Everything we know about treating brain tumors has come from research, including clinical trials. If you have used medication or therapy to treat your tumor, then you’ve benefited from clinical trials. But if you’re asked to take part in a clinical trial, it’s natural to feel a little skeptical.
Eileen Maloney-Wilensky, MSN, RN, CRNP, Director, Clinical Research Division for Neurosurgery, Penn Medicine, discusses why clinical trials are important—and worth overcoming that skepticism.
Why you might be hesitant—and why you shouldn’t be
It’s completely normal to be hesitant about starting something new, but Eileen knows some ways to work around hesitancies.
“Some patients are concerned about having to come in more often, since they already have so many appointments,” says Eileen. “We work to get other appointments in on the same day. Or if you’re already at the hospital and have a question about something else, we’ll try to get that physician in to see you right away.”
Another hesitancy involves fear. A 2012 study in the Journal of Cancer Education found that patients often feel a fear of the unknown, which makes them wary of joining trials. But at Penn, Eileen says, “We know things can get confusing, but that’s what we’re here for.”
“Our patients have our cell phone numbers and can call us anytime—nights, weekends—it doesn’t matter. We’re all in this process together, and we’re not leaving you to do it all alone. You always have someone to go to.”
Why trials are important
Standard of care
Radiation and chemotherapy are the most common treatments for brain tumors, Eileen notes. “However, these treatments are not cures, and they’re not easy. They can leave toxins in your body, with consequences like having a low blood count or being immunosuppressed.”
Radiation and chemotherapy can also cause anemia, nausea, fatigue, and other side effects, according to the National Cancer Institute.
Clinical trials do not always cause those effects, and they allow you to try something different and novel.
Finding a cure
“In years to come, we may be able to provide more individualized care by identifying certain markers in the patient,” Eileen says. “This could help us ‘tailor’ a drug to the tumor, improving its effects. For example, we’re currently working on a trial targeting EGFRvIII, a factor in tumor growth, to stop the tumor in its tracks.”
Eileen reminds patients, “We’re not there yet, but that’s a process we’re working on. And participating in trials lets you be a part of that process.”
Improved quality of life
Eileen is always up-front with patients that a trial is not a cure—it’s a process of looking for a cure. But that doesn’t mean that it won’t work at all. “A trial has the potential to do a lot of good, like greatly improve quality of life by slowing down tumor recurrence,” she says.
She has also seen trials give people more time to enjoy that quality of life. “I’m thinking of 2 patients, both of them over a year since diagnosis and treatment. Neither of them have had recurrence. We’re giving them a much longer time. Something we’re doing may be working.”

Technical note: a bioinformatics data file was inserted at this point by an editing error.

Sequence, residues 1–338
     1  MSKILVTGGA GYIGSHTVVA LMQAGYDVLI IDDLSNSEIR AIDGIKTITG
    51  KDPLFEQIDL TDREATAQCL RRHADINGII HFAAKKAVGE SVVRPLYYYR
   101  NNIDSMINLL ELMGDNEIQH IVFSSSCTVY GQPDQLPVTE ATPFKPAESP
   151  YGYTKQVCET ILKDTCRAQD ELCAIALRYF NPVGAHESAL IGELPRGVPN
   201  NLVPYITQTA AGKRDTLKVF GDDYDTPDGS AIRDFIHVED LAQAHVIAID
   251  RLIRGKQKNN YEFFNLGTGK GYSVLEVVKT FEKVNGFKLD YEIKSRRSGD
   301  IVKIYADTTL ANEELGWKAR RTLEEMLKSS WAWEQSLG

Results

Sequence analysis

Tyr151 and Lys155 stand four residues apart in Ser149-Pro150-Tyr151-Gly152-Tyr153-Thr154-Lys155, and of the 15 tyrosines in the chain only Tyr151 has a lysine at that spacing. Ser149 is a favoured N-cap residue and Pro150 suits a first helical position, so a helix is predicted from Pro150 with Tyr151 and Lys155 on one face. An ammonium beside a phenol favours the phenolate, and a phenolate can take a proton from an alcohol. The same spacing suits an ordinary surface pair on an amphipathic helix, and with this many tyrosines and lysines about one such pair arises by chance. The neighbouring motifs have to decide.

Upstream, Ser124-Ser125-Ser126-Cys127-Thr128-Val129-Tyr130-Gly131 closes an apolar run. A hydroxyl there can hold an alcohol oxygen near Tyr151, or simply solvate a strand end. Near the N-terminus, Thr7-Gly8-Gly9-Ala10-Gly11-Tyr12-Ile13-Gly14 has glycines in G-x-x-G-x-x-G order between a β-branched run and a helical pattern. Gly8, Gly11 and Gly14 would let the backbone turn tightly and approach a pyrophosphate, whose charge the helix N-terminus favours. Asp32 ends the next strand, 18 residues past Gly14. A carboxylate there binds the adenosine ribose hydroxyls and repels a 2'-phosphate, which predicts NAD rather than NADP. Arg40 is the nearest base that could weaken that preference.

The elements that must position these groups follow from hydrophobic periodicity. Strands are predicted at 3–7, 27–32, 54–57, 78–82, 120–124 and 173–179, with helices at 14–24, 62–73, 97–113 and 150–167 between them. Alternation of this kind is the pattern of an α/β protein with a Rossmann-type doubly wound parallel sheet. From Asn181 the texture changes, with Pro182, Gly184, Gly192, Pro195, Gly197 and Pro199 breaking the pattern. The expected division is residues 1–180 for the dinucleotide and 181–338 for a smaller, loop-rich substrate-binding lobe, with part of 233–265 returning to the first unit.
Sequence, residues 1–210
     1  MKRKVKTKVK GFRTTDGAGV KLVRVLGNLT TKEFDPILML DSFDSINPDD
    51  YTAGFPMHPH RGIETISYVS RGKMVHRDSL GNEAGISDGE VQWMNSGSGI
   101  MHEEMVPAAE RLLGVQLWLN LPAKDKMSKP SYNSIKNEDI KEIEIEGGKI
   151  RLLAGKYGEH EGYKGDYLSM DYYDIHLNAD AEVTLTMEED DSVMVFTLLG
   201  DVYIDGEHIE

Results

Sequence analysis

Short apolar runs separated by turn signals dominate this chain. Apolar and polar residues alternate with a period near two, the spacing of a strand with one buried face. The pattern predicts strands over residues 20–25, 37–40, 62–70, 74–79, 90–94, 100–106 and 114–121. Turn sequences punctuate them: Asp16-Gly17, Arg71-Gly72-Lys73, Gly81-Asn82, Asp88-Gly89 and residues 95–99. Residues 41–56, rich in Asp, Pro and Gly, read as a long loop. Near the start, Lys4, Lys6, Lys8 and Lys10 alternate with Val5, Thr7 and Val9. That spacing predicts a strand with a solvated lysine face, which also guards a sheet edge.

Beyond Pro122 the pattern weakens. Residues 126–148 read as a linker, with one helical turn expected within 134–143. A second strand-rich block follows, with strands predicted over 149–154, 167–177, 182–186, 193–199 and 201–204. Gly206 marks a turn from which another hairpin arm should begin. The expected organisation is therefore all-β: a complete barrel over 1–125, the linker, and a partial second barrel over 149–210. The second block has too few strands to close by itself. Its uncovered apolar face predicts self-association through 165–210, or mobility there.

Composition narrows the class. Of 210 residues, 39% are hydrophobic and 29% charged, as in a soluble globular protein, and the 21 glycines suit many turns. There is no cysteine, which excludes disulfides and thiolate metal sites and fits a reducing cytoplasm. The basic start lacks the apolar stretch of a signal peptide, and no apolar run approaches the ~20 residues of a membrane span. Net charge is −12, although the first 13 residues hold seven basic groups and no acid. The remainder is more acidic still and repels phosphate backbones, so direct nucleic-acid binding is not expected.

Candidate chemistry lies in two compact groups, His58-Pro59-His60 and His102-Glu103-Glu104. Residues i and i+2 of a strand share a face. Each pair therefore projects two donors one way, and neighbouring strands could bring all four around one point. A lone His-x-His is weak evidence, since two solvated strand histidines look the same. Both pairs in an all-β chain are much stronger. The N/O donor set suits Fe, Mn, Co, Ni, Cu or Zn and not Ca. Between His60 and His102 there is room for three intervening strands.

Why trials benefit you
Participating in clinical trials isn’t just about finding a cure. There are other benefits that make trials a meaningful experience.
You might not think about it right away, but trials bring friendships. “When you enter our world, you get the opportunity to make some really great friends,” says Eileen. “For starters, you become my friend for life. And you’ll meet more people in the trial itself. So, whenever you go to the doctor, you know you’ll see friends. It’s something you can look forward to, not dread.”
Joining a clinical trial also gives you access to resources you might not normally have. Eileen says, “When we see a patient who is struggling, social work gets involved and gives access to lots of programs, such as financial assistance.”
What to look out for
Before getting involved with any trial, there needs to be informed consent. Eileen explains, “We go through our consent form line by line. It takes an hour, but we want to do it correctly. We’ll listen to what you’ve been told so far, what you’ve looked up on the Internet, and other information you might have, and clear up any misconceptions.”
Eileen also stresses the importance of including your family or whoever else will be involved with the trial. “Families are more than transporters—they are patients’ eyes and ears when they’re tired or are not hearing directions. We look for confirmation that you, your family, and your caregiver understand our instructions.”
Questions to ask before joining a trial
Eileen recommends asking certain questions to make sure you have all of the information you need, and that the trial is right for you:
Ask your physician
- How much time will this take? Is there flexibility in appointment times?
- Will I be charged for any trial-related tests, drugs, or procedures?
- Is there someone I can talk to about the social impact? Who can help me with at-home responsibilities with my other children?
- What else is going on in my life right now?
- How can my family come together to make this work?
- What types of support will I need?